JACKSONVILLE, Fla — It’s been a tough year for Florida’s manatees.
Starvation due to a loss of seagrasses is what some conservation experts believe is causing the deaths. Any manatees in distress in northeast Florida go to the Jacksonville Zoo and Gardens' Manatee Critical Care Center.
Florida Fish and Wildlife Conservation Commission data shows more than 760 manatees have died so far this year, which comes out to more than five manatees dying a day.
"The biggest problem is lack of lack of food," said Craig Miller, curator of mammals at Jacksonville Zoo and Gardens. "Years of decreased seagrasses in the Intracoastal, we are certainly concerned about next winter."
Reportedly according to the St. Johns River Water Management District, close to 60 percent of the seagrass in the Indian River Lagoon has disappeared since 2009 due to too much fertilizer and septic tank and road runoff in the water,
A manatee named Jesup, just released last month from the Jacksonville Zoo’s Manatee Critical Care Center, is the 22nd manatee they’ve rehabilitated. Romaine lettuce at the center helped Jesup gain almost 300 pounds in three months. Manatees weigh around one thousand pounds.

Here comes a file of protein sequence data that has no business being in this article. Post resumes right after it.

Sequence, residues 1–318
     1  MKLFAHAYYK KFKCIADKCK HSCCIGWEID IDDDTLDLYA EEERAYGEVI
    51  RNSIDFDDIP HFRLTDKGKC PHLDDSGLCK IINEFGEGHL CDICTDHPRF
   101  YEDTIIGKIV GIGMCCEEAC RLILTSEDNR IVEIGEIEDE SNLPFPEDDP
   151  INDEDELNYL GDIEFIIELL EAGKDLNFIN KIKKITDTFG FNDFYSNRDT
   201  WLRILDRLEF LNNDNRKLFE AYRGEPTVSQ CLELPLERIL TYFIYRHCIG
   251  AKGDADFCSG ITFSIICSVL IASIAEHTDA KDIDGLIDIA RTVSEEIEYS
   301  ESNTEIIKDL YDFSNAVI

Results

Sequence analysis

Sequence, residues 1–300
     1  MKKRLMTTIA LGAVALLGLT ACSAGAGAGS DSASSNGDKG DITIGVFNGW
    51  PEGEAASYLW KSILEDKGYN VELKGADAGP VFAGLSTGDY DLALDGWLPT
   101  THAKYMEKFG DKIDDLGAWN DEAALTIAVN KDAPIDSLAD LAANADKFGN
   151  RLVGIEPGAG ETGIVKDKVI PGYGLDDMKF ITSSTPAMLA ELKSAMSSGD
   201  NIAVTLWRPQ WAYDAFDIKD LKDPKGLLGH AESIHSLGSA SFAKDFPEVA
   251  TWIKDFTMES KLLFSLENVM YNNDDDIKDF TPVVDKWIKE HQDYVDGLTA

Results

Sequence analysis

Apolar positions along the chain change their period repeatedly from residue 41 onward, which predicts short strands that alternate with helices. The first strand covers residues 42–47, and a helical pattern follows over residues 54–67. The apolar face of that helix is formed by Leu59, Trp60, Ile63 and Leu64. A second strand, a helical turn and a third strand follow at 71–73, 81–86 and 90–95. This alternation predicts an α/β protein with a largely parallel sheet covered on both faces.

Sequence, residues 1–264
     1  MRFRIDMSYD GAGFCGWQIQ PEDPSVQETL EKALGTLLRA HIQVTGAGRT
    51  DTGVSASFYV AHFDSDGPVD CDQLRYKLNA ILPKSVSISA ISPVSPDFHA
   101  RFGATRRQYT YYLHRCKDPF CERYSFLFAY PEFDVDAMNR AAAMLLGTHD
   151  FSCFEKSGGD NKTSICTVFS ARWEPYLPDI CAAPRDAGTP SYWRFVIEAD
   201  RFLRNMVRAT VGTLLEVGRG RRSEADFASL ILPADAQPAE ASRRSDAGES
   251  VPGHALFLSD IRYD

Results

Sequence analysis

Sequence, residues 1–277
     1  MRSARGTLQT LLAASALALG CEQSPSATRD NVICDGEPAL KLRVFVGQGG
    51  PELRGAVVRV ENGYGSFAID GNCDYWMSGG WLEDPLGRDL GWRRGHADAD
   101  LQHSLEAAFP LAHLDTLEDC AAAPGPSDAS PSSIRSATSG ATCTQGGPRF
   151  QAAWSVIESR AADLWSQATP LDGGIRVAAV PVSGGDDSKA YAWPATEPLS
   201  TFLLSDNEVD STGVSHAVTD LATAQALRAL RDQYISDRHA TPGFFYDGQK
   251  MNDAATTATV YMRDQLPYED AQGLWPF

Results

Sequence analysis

Jacksonville Zoo's Manatee Critical Care Center is one of four in the state. Miller says helping manatees starts with the public noticing a manatee in distress. He says signs a manatee is in distress include being beached and breathing rapidly.
"If they're breathing every 30 seconds, that's rapid respiration rate and that's usually an indication that there might be something wrong," he said.
Experts also advise to make sure not to lose any fishing line or other type of litter in water and stay in deep water when boating.
Jacksonville Zoo experts say to stay 50 feet away from manatees while in a powerboat, avoid swirls on top of water, and do not boat over seagrass.
If you see a manatee in distress call the Florida Fish and Wildlife Conservation Commission hotline at 1-888-404-3922 (FWCC).